Tag Archive: Standards

What are 4-H Standards of Excellence?

4-H Standards of Excellence are tools to help individual members and clubs set and achieve goals and are part of our recognition model.  Recognition is an important part of the 4-H experience; it helps master skills and knowledge by providing feedback on progress towards goals.  Standards of Excellence is one of my favorite ways to recognize youth and clubs.  Here’s how it works:

At the beginning of the 4-H year, youth decide which level of recognition they would like to receive.  The levels are bronze, silver, gold and emerald.  To help youth decide, they should review the Standard of Excellence matrix with their parent or club leader. The matrix outlines what a member needs to do in order to achieve each level of recognition.  For example, if a junior member (ages 8-10) wants to achieve the gold standard, he/she would need to plan to do the following throughout the course of the 4-H year:

  • Attend at least 2/3 of club meetings (or number established by club).
  • Share project experiences by giving a presentation.
  • Attend three different activities
  • Participate in three different activities
  • Participate in three community service activities
  • Participate in four different competitions / exhibitions
  • Complete two project record reports
  • Teach one club level activity
  • Make a poster on “My 4-H Experience” or submit Building My 4-H Portfolio

But wait, that’s not all!  4-H Clubs can also achieve Standards of Excellence.  During the club organizational meeting, members can choose which type of club they want to be (bronze, silver, gold or emerald), and build those requirements into their club plan (most of the items are things that clubs would want to do anyway, so why not be recognized for it?):

  • Bronze club- 12/20 items on the list
  • Silver club- 14/20 items on the list
  • Gold club-16/20 items on the list
  • Emerald club- 18/20 items on the list

Once a member or club establishes their goal, they can submit their plan to their club leader.  Towards the end of the 4-H Year, the member submits their application to their leader, who signs off on it and submits it to their 4-H agent.  Youth are recognized during their County Achievement Night, or Awards Banquet.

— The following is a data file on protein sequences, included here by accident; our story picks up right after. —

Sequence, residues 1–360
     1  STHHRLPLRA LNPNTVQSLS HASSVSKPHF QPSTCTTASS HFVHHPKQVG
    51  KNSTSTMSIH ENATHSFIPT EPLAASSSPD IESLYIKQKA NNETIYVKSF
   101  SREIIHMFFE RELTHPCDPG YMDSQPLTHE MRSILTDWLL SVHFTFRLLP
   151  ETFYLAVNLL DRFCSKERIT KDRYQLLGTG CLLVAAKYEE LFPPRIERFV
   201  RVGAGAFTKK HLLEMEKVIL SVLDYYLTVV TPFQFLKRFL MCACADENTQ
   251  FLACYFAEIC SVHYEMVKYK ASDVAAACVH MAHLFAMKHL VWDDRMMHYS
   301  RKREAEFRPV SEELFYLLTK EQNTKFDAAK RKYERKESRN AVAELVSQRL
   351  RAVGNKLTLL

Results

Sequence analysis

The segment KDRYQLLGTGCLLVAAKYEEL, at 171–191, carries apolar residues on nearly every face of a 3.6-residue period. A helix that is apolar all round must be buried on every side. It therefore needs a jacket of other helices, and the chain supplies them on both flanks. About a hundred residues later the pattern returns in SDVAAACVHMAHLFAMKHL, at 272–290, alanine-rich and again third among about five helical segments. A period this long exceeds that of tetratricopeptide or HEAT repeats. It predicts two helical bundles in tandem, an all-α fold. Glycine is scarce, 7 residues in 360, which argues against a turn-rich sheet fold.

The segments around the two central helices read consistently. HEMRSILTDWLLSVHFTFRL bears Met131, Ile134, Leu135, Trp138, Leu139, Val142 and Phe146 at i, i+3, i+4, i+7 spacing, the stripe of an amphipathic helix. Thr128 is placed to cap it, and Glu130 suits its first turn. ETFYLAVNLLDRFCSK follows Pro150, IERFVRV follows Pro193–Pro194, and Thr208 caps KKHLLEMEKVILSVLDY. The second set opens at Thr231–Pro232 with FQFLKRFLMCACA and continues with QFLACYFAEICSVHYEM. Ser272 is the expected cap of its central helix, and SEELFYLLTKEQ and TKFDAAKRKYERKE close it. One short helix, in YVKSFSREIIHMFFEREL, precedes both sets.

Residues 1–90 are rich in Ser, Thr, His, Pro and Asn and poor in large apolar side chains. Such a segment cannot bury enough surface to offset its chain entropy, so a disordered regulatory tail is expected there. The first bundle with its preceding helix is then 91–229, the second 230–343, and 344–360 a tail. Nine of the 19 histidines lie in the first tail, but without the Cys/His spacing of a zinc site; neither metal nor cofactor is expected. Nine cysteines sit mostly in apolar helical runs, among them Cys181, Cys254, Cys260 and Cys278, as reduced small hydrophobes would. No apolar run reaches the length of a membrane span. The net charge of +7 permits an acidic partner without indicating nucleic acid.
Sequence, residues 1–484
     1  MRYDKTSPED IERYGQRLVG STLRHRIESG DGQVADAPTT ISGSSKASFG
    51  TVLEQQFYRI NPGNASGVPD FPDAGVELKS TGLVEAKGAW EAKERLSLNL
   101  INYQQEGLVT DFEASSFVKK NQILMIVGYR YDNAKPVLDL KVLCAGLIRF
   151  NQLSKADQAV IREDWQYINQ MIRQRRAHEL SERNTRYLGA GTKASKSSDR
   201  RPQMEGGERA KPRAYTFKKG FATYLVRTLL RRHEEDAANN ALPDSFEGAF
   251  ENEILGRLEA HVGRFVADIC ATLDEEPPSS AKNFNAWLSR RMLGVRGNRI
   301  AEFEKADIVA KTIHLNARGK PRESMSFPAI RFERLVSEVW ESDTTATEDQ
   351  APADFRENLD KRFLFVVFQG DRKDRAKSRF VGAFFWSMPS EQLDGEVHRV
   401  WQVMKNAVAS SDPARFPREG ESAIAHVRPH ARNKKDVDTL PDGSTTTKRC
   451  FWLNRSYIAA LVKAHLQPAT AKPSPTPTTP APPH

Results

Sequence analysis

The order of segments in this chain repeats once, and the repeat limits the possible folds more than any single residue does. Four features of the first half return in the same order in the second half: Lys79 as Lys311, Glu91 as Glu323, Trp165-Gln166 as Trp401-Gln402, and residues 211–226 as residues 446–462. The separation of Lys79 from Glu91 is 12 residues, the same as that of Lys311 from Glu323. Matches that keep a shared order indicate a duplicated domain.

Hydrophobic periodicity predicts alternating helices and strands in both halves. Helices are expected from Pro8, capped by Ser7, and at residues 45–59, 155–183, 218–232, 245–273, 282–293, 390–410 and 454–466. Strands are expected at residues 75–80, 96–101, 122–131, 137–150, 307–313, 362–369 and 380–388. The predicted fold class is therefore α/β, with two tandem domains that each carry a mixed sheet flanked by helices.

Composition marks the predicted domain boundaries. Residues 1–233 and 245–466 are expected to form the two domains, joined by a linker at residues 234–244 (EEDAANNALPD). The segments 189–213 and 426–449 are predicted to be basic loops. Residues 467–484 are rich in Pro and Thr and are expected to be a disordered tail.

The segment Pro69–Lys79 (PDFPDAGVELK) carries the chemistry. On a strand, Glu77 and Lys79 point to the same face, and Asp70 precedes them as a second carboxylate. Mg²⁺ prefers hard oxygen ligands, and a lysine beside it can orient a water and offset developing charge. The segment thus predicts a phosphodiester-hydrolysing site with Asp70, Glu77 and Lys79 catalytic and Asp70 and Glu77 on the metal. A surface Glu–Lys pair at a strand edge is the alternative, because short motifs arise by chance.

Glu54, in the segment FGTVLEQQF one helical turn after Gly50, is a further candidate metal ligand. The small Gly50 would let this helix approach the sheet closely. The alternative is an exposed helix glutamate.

Interested in helping?  We need volunteers to serve as project mentors, review/judge awards applications or help plan annual recognition programs.  Contact your local UF IFAS County Extension Office if you would like to get involved.

 

PG

Author: Heather Kent – hckent@ufl.edu

Heather Kent is the Regional Specialized 4-H Agent in the Northwest Extension District.

Heather Kent

Permanent link to this article: http://franklin.ifas.ufl.edu/newsletters/2017/09/28/what-are-4-h-standards-of-excellence/

Farmers Prepare for the New Food Safety Standards

If you are a farmer, you have most likely heard about the Food Safety Modernization Act, or FSMA, by now. If you are not a farmer, you probably do not know that food safety regulations are going through a big change. The FSMA, which was passed in 2011, is considered the largest update to food safety regulation in over 80 years.

The proposed produce safety rule under the FSMA is very robust, establishing the minimum standards for worker training, health and hygiene, agricultural water use, animal soil amendments, on-farm domesticated and wild animals, equipment, tools, buildings, and sprout production.